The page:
Doran and Boot are, like their fellow neoconservatives, unable to resist the temptation to play strategist and field commander. Their plan would have the US and Turkey combine to create a corridor for humanitarian aid and military materiel from Aleppo (which they mistakenly identify as Syria's second largest city; it's the most populous) to the nearby Turkish border. Following the liberation of Aleppo, the US should cooperate with Jordan to open a second corridor between Damascus and Dara'a to "serve as the southern base of the insurgency."
Successful corridor construction, Doran and Boot tell us, depends on the creation of a "countrywide no-fly-zone." Assad's air force must be grounded, and his air defenses suppressed. This would happen "quickly" and with "little risk," but only if the US led the effort, just like in Libya. They'd leave maintenance of the no-fly-zone to US partners. Neoconservative enthusiasm for intervention, perhaps somewhat dimmed by years of death, destruction, and failure in Afghanistan and Iraq, was reinvigorated by the fall of Gaddafi. The authors have probably already ordered the printing of the "Mission Accomplished" banner.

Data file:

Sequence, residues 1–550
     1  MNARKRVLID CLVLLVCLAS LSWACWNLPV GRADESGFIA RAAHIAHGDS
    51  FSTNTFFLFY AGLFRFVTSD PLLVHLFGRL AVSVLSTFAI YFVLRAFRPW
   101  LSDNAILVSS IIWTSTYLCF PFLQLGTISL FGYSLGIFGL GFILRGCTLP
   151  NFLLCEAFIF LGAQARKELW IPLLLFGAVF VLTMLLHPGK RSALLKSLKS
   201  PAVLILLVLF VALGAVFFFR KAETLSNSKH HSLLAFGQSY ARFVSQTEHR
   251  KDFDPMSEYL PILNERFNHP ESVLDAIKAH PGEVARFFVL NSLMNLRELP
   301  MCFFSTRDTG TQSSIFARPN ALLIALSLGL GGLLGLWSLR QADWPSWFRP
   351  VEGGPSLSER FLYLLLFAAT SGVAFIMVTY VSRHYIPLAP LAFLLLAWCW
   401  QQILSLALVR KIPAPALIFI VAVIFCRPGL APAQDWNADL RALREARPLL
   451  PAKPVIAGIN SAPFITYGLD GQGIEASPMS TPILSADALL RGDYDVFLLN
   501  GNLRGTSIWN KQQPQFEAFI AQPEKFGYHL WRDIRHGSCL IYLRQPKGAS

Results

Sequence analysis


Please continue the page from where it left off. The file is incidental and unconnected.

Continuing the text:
As annoying if not as reckless as the substantive weakness of Doran and Boot's piece is its sneering tone. They move from faint praise for the "Obama Doctrine" at the outset of their essay to the sarcastic endorsement of "a "lead from behind' approach . . . in Syria." "Lead from behind" was the favorite phrase used by Condoleeza Rice and others at the Republican National Convention to characterize Obama's foreign policy. Since 2002 or so, it's been increasingly difficult to know how seriously to take neocon arguments. Do they actually believe them themselves? It never ceases to surprise that the neocons retain any authority whatsoever, let alone appear on the op-ed page of the New York Times. Neoconservatives were dead wrong about Iraq. They are genuinely dangerous on Iran. They must not be heeded on Syria.